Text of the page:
Native American Tribes
Native American Policy can be defined as the laws and procedures made and adapted in the United States to outline the relationship between Native American tribes and the federal government. When the United States first became a sovereign country, it implemented the European policies towards the local peoples, but throughout two centuries the U.S. adapted its very own widely varying regulations regarding the evolving perspectives and requirements of Native American oversight.
In 1824, in order to execute the U.S. government’s Native American policies, Congress created a new agency within the War Department called the Bureau of Indian Affairs, which worked closely with the U.S. Army to enforce their policies. At times the federal government recognized the Indians as self-governing, distinct political communities with different cultural identities; however, at other times the government attempted to compel the Native American tribes to give up their cultural identity, hand over their land and assimilate into the American customs.
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With the steady flow of settlers into Indian controlled land, Eastern newspapers printed sensationalized stories of cruel native tribes carrying out massive massacres of hundreds of white travelers. Although some settlers lost their lives to American Indian attacks, this was not the norm; in fact, Native American tribes frequently helped settlers get across the Plains. Not only did the American Indians offer wild game and other supplies to travelers, but they acted as guides and messengers between wagon trains as well. Despite the good natures of the American Indians, settlers still anticipated the likelihood of an attack.
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To quiet these concerns, in 1851 the U.S. government placed a conference with several local Indian tribes and established the Treaty of Fort Laramie. Under this treaty, each Native American tribe accepted a bounded territory, allowed the government to construct roads and forts in this territory and agreed to never attack settlers; in return the federal government agreed to honor the boundaries of each tribe’s territory and make gross payments to the Indians. The Native American tribes responded peacefully to the treaty; in fact the Cheyenne, Sioux, Crow, Arapaho, Assinibione, Mandan, Gros Ventre and Arikara tribes, who signed the treaty, even consented to end the hostilities between their tribes to be able to accept the conditions of the treaty.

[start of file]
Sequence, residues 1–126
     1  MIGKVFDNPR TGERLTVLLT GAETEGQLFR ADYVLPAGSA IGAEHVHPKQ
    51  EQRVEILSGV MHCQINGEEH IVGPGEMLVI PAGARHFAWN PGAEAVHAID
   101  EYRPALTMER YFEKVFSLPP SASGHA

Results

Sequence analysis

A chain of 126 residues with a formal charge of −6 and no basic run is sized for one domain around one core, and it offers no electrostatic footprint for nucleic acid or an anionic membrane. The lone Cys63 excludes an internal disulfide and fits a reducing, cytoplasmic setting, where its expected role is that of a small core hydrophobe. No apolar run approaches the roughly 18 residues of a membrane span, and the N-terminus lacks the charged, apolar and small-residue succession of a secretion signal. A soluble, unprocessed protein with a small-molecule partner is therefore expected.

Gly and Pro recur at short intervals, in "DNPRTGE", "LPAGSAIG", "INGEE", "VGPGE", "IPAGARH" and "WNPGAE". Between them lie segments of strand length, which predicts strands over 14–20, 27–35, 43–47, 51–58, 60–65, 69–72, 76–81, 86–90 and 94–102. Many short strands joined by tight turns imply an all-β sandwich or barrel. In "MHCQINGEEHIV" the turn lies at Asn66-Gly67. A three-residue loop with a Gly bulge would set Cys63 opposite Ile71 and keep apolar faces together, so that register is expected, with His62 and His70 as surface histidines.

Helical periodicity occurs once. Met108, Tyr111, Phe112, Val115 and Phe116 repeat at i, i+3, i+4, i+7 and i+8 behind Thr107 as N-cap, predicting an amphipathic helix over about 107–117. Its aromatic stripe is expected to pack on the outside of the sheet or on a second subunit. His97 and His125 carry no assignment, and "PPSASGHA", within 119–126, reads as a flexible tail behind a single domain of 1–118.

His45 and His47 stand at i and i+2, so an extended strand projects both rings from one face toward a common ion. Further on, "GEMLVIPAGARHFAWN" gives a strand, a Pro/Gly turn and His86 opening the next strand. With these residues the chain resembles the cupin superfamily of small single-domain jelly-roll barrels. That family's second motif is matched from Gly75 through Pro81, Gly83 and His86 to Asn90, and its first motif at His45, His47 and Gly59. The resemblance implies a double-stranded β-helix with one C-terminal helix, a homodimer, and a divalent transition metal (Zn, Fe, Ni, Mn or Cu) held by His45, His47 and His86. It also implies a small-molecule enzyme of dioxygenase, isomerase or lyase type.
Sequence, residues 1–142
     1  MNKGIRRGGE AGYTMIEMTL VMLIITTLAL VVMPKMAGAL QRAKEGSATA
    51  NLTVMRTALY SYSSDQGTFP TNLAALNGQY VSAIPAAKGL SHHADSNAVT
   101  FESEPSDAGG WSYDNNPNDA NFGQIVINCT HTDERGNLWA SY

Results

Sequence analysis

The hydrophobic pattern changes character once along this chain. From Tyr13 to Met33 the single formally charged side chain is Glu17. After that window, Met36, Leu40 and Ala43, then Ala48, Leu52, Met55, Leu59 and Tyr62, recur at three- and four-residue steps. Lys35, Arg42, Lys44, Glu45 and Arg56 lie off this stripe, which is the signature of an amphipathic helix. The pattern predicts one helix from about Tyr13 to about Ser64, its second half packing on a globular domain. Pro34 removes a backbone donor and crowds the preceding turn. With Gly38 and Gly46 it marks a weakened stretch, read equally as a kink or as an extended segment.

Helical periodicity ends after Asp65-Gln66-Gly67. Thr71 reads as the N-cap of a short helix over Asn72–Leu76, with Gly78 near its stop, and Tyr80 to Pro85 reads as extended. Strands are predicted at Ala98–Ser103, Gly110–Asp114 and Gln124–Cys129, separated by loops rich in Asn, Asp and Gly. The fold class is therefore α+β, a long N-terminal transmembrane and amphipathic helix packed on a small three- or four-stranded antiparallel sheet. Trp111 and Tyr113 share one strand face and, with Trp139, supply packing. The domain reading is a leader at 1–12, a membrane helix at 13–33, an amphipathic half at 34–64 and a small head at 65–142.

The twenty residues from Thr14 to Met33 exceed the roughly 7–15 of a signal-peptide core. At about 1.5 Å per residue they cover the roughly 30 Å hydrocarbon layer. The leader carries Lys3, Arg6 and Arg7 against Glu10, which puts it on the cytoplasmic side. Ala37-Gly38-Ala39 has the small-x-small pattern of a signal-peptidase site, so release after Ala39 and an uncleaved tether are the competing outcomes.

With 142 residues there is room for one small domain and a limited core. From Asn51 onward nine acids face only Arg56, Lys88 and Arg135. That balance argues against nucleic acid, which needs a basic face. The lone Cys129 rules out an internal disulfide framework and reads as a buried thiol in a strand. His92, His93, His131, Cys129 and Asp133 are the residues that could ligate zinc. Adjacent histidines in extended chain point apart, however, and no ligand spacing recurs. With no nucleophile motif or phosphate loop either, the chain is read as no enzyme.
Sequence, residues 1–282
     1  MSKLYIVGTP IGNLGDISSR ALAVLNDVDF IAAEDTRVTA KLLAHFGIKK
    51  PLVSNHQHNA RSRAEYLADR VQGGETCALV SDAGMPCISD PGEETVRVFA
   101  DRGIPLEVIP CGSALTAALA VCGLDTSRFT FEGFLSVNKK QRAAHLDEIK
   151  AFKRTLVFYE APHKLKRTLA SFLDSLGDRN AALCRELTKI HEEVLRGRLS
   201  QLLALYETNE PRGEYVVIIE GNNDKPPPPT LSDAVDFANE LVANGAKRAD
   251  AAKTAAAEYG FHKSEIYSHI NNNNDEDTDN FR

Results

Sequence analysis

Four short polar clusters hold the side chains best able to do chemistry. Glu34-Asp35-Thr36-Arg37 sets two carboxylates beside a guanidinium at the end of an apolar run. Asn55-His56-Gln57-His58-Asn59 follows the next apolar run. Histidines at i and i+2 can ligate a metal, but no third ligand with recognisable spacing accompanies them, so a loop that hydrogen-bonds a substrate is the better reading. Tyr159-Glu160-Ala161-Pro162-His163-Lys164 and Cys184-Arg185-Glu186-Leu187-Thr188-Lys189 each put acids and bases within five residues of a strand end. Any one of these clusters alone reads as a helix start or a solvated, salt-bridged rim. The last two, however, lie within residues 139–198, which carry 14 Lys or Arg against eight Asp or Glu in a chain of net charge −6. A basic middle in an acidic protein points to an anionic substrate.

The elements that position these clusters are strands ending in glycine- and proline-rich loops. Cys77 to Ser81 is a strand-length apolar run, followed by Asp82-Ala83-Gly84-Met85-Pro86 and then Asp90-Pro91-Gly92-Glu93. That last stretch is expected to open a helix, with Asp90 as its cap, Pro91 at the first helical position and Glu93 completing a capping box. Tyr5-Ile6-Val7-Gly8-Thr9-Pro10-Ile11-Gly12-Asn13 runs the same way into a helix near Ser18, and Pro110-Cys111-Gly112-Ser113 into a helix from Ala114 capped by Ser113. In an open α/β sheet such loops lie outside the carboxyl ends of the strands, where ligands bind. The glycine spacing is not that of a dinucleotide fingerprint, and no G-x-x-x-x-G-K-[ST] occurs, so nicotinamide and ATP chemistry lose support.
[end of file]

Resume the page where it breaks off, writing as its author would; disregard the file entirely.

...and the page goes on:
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This peaceful accord between the U.S. government and the Native American tribes did not hold long. After hearing tales of fertile acreage and great mineral wealth in the West, the government soon broke their promises established in the Treat of Fort Laramie by permitting thousands of non-Indians to flood into the area. With so many newcomers moving west, the federal government established a plan of restricting Native Americans to reservations, limited areas of acreage within a group’s territory that was set aside exclusively for Indian use, to be able to give more land for the non-Indian settlers.
In a series of new treaties the U.S. government compelled Native Americans to surrender their land and migrate to reservations in exchange for protection from attacks by white settlers. In addition, the Indians were offered a yearly stipend that would include money in addition to food, livestock, household goods and agricultural equipment. These reservations were created in an effort to pave the way for increased U.S. expansion and administration in the West, as well as to keep the Native Americans isolated from the whites in order to decrease the chance for conflict.